You may have heard the latest buzzword (or acronym), NFT, and have no idea what it means. NFT stands for non-fungible token. To make understanding this concept a little easier we need to first understand the term fungibility, which is the ability of an asset to be exchanged or substituted with similar assets of the same value. A good example of a fungible asset is money. If you have twenty dollars made of $1 bills in your wallet, but you don’t want to hold that many bills, you can exchange it for a single $20 bill. Although in a different form, the money in your pocket remains the same.
A non-fungible asset is the opposite. Each asset (or token) is unique and cannot be simply exchanged for something similar. An original Jean-Michel Basquiat art piece cannot be exchanged for a recreated print because it doesn’t hold the same value. The concept of an NFT is owning a digital signature that gives owners something similar to a certificate of authenticity.
In terms of cryptocurrency, Bitcoin and Ethereum are examples of cryptocurrency. A blockchain is a distributed database. Cryptocurrencies are powered by blockchain technology, but this technology is now being used by more than just cryptocurrency.
Before we get into additional uses of blockchain technology let’s figure out what it is. A blockchain is a digital record of transactions. The name, blockchain, comes from the structure that these records (or blocks) make as they are linked together in a single list (a chain). It is a system of recording information in a specific way that is impossible to change, hack, or cheat the structure.
You can think of it as a digital ledger of transactions that is duplicated and distributed throughout an entire network of computer systems on the chain. Every block in the chain comprises a certain number of transactions. Every time a new transaction happens on the blockchain, a record of that transaction is added to every single participant’s ledger. This decentralized database is impossible to cheat because multiple people are in charge. Besides being distributed to all participants. Blockchain is secure. All records are individually encrypted. It is Immutable, which means any validated records cannot be reversed or changed. It is anonymous. The identity of participants is anonymous or users use pseudonyms. All network participants agree to the validity of the records. And everything transaction is time-stamped.
An NFT is a cryptocurrency, but unlike Bitcoin, Ethereum, or the many other fungible currencies, every NFT is unique. NFT’s are stored as numbers and letters on a blockchain ledger. NFT’s are built using the same programming as cryptocurrency, but because cryptocurrency is fungible the two are very different.
Again, fungible means that cryptocurrency can be traded or exchanged for an exact amount. Even though cryptocurrencies fluctuate in value, at a particular moment, you know how much a Bitcoin is worth and trading one Bitcoin for another will be worth the same amount. Because NFT’s are non-fungible, there is no set amount for each NFT. This means that trading or exchanging one NFT for another isn’t as simple. While there is a similarity between NFT’s and cryptocurrencies they are very different from one another.
An NFT can be almost anything digital. It represents real-world objects including art, music, and videos. Downloading or saving a digital file onto your laptop doesn’t mean that you own that particular file. An NFT gives a person ownership of the particular file. An NFT buyer gets some basic usage rights, which can be proven by the blockchain entry. NFT collectors hope that these assets will be going up in value.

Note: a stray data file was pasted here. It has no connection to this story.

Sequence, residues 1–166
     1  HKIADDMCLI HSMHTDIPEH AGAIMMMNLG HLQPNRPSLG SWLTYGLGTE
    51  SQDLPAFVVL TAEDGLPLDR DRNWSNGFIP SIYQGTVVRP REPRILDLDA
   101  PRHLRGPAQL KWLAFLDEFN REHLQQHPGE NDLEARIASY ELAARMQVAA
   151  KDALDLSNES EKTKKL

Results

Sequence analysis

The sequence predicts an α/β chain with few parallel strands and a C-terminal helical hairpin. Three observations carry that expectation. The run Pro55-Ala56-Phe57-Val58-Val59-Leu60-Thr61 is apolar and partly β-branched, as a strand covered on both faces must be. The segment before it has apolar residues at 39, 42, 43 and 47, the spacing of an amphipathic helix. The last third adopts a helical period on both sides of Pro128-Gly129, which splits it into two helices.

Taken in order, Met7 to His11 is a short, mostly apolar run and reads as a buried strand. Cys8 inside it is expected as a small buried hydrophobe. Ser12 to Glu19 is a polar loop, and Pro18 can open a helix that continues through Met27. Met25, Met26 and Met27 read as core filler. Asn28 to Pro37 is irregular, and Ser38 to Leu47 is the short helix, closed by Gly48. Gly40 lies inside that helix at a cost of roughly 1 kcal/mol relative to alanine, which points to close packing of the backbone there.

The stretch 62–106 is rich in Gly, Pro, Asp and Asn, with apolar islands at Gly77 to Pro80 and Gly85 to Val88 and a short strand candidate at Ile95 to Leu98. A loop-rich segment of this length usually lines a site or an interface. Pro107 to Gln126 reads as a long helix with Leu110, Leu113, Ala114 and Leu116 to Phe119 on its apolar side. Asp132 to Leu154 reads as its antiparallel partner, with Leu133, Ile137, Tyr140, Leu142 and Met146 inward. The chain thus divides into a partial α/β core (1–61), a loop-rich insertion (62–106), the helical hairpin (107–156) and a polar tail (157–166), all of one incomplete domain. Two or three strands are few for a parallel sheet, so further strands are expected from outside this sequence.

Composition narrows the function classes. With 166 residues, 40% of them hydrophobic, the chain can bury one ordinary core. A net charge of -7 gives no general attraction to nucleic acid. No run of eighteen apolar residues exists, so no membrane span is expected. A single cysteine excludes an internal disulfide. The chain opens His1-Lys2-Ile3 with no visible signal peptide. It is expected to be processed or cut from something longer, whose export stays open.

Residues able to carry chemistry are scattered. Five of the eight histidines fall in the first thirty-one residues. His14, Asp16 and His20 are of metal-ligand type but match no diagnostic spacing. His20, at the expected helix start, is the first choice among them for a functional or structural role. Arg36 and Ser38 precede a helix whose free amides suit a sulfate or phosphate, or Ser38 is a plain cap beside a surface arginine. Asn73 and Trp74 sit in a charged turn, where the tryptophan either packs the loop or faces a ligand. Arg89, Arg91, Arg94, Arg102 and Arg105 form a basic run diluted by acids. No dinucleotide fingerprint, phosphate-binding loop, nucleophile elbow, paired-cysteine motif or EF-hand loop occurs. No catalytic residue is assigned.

NFT’s have been around since 2014, but they are only just beginning to gain some traction within the past 5 years when it comes to collectors. Some people believe that this is will be the new form of collecting fine art and art in general, but only time will tell. But NFT’s aren’t solely used for art. Anything digital can be made into an NFT. A single Lebron James highlight can be an NFT, an article from the Los Angeles times can be made into an NFT, a meme or gif can be turned into an NFT, and even a single tweet can be made into an NFT.
The famous Nyan Cat gif was sold for $600,000. One Lebron James highlight clip NFT sold for $200,000. Now, celebrities like Snoop Dogg are releasing exclusive memories as NFT’s for sale.
Anything that has to do with blockchain technology like NFTs will have a major impact on data, data centers, and energy usage. So, what does the carbon footprint of NFTs look like? Many NFT creators are using the Ethereum system. Because NFT’s use blockchain technology, some NFT creators are promising to create work that is carbon neutral or even carbon negative in the future. But until then, NFTs will cause a rise in data and data center usage.
We live in a world that revolves around data. Because of NFTs, now even the art world is consuming a tremendous amount of data. The good news is that the data center industry is going green.
Technology giants like Microsoft, Facebook, and Amazon have already implemented green energy for their data centers. Solar energy, wind energy, and other renewable energy solutions are making data centers more efficient than ever before. All of these tech giants have not only reduced their carbon footprint, but they have all pledged to be carbon negative in the near future.
The rise of non-fungible tokens has proven that we are living in the age of data. Everything has turned into data including art and how people invest their extra money. This is an exciting time for artists, investors, and even the data center industry. The most important takeaway regarding NFTs is the need for sustainability. Many of the largest technology giants and the data center industry have made it a priority to be more sustainable. The NFT industry, its creators, buyers, and collectors need to make this a priority as well.